Quote Originally Posted by blansky View Post
There are some interesting mind games that say:

If you travel at the speed of light away from earth for 30 years and back for 30 years, you would arrive back being 60 years older but earth would have aged 4,500,000 years. Something like that.
That's not actually a mind game, it's a pretty well established real phenomenon from special relativity. In a small way, it's a practical concern with GPS signals---their timing is affected by relativistic effects, not by a very large amount but enough to have practical effects on the position computation.

There are also anti matter theories that state that when you make a decision between various choices, that on another plane, you are making all the other choices as well.
Quantum mechanics, not antimatter. That's the "many worlds" interpretation of quantum theory; it's probably not in itself actually a "theory", in the sense that it's not testable. Trying to think too hard about this stuff is the quick route from physics to epistemology; the latter is an interesting place to visit but I wouldn't want to live there.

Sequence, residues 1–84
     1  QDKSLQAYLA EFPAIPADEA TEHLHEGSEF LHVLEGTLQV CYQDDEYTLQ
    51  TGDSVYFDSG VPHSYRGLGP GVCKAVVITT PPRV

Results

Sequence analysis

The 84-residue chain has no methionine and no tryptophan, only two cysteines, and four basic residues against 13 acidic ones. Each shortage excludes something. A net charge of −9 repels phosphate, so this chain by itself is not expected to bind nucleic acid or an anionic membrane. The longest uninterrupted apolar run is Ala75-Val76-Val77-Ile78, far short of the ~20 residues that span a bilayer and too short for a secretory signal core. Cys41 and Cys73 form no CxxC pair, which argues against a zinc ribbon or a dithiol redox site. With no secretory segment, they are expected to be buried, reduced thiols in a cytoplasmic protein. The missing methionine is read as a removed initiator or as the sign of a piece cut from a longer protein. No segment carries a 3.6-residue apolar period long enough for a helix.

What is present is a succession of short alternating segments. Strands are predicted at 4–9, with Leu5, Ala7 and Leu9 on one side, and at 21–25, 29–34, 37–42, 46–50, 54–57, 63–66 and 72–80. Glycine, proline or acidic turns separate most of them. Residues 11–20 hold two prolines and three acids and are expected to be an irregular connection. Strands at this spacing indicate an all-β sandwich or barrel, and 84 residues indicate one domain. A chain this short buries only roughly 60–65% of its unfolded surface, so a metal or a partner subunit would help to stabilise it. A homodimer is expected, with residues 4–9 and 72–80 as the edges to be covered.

For some reason I love this stuff.... time may just be a human construct to make us feel some comfort but really it's far more complicated than our limited senses can comprehend.
Well, the thermodynamic kind of entropy sort of argues that time *isn't* "just" a human construct, it's a property of physical systems; at least the "arrow" nature of time is. Relativity says time isn't as synchronized as it looks at the human scale, quantum mechanics says the far end of the arrow isn't as predictable as it looks at the human scale, but the basic concept of time (best defined, I think, as "time is what keeps everything from happening all at once") seems to hold together as a "real" thing, at least inasmuch as we can call anything "real".

I submit that this discussion isn't even off-topic, in that photography is fundamentally about (the illusion of) defying time by turning temporary light into permanent light. As such, anything that can be said about time should lead to something that can be said about photography.

The many-worlds interpretation has obvious similarities to multiple exposures. Exercise for the reader: What tools does the photographic vocabulary have to address relativistic time dilation?

-NT